Single-photon counting lab will be used for student-faculty research in physics, chemistry, chemical engineering, and computer science
Michael Stark, assistant professor of physics, has secured a $45,000 grant from the McCutcheon Foundation to purchase state-of-the-art equipment for a single-photon counting lab devoted to the hands-on study of quantum mechanics. Andrew Kortyna, assistant professor of physics, assisted Stark in acquiring the grant.
According to Stark, the lab is expected to be solely devoted to student instruction and research and most of the equipment will be items that students will encounter in research laboratories in industry or graduate school. Students from both the intermediate and advanced laboratory programs will work with the equipment as well as students from numerous other majors, including chemistry, chemical engineering, and computer science, where knowledge of quantum mechanics is invaluable.
“We are seeing increased enrollments of students majoring in other fields like chemistry and engineering in our intermediate quantum physics course,” says Stark. “The new experiments performed on this equipment will, therefore, enable us to strengthen the quantum mechanics education for all of these students. I’m very excited about this effort.”
Lafayette’s focus on close student-faculty interaction has made it a national leader in undergraduate research. Some of the College’s research programs include honors theses, independent study, and the distinctive EXCEL Scholars program. Many of the hundreds of students who participate in these programs each year share their work through articles in academic journals and/or conference presentations.
Stark compares attempting to study quantum mechanics without this sophisticated equipment to “looking at a gravel pile to understand how individual rocks behave.”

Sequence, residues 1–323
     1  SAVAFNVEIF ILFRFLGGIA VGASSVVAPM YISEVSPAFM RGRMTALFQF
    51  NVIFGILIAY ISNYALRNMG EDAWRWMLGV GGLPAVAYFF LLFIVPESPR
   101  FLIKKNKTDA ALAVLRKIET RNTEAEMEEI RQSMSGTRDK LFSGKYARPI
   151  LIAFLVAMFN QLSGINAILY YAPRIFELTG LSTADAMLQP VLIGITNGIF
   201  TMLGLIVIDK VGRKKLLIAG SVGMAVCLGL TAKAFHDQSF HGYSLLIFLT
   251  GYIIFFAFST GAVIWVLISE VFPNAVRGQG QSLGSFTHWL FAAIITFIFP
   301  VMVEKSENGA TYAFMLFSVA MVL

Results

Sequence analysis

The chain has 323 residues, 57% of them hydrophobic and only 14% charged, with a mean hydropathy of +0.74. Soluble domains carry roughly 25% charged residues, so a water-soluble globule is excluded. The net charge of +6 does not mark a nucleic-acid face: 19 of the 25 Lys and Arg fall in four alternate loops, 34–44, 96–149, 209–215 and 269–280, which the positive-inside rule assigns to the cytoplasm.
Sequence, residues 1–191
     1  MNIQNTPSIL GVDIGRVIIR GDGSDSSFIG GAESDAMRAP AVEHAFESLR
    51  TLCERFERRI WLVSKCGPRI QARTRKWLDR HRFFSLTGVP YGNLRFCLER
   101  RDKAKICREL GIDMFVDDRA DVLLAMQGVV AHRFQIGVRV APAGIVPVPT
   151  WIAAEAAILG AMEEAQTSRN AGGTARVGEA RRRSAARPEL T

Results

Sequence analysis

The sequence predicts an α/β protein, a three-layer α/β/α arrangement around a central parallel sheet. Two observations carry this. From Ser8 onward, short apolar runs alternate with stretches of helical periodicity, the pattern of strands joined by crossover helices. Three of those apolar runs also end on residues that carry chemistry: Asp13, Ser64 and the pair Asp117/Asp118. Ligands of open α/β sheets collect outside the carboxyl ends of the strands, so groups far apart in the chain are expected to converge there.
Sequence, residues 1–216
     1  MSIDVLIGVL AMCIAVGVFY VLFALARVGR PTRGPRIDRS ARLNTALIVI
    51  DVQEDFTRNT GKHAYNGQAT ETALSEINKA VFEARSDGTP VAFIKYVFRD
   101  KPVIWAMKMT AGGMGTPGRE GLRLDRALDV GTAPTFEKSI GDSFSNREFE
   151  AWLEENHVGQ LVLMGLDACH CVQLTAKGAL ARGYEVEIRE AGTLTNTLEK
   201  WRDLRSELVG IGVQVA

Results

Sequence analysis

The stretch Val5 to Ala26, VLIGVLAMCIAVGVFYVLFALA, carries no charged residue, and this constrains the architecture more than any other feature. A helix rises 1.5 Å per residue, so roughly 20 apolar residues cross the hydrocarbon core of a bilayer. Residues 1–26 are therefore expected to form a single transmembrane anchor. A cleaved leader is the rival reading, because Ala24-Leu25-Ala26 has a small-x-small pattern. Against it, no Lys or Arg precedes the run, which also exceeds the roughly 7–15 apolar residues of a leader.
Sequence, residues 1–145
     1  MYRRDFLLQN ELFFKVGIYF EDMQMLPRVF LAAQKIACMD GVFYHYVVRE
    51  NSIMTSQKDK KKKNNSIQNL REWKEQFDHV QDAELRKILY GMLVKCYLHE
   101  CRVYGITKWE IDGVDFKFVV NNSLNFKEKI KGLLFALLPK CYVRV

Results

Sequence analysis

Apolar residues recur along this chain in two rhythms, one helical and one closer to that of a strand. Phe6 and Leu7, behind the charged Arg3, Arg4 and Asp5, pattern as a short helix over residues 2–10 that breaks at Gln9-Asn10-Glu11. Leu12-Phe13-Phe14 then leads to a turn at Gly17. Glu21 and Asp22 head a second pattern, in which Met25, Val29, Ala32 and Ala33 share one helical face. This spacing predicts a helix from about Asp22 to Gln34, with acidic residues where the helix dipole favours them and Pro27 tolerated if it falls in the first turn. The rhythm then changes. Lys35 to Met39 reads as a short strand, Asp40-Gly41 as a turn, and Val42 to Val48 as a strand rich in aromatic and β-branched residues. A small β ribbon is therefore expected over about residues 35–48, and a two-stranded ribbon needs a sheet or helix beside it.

“Even though quantum mechanics is the correct theory to explain the physical world, students rarely encounter its effects directly,” explains Stark. “It is easy for students to use common equipment to learn about classical Newtonian physics because you can experiment on normal-sized objects, like balls. But, since quantum mechanics is the physics of very small objects like atoms, when students do experiments to study quantum mechanics, they are studying the behavior of billions of objects together.
“The experiments that we will be doing in the new lab use a non-linear process in a crystal called beta barium borate (BBO) to produce pairs of photons,” he continues. “Photons are the individual particles of light and their behavior is governed by quantum mechanics. Students will be able to study this quantum mechanical behavior by studying the interaction of these pairs of photons.”
Stark explains that several other new experiments are being developed on campus as a result of other equipment upgrades from the McCutcheon Foundation, including a $35,000 spectrometer that the foundation helped the College purchase in 2005.
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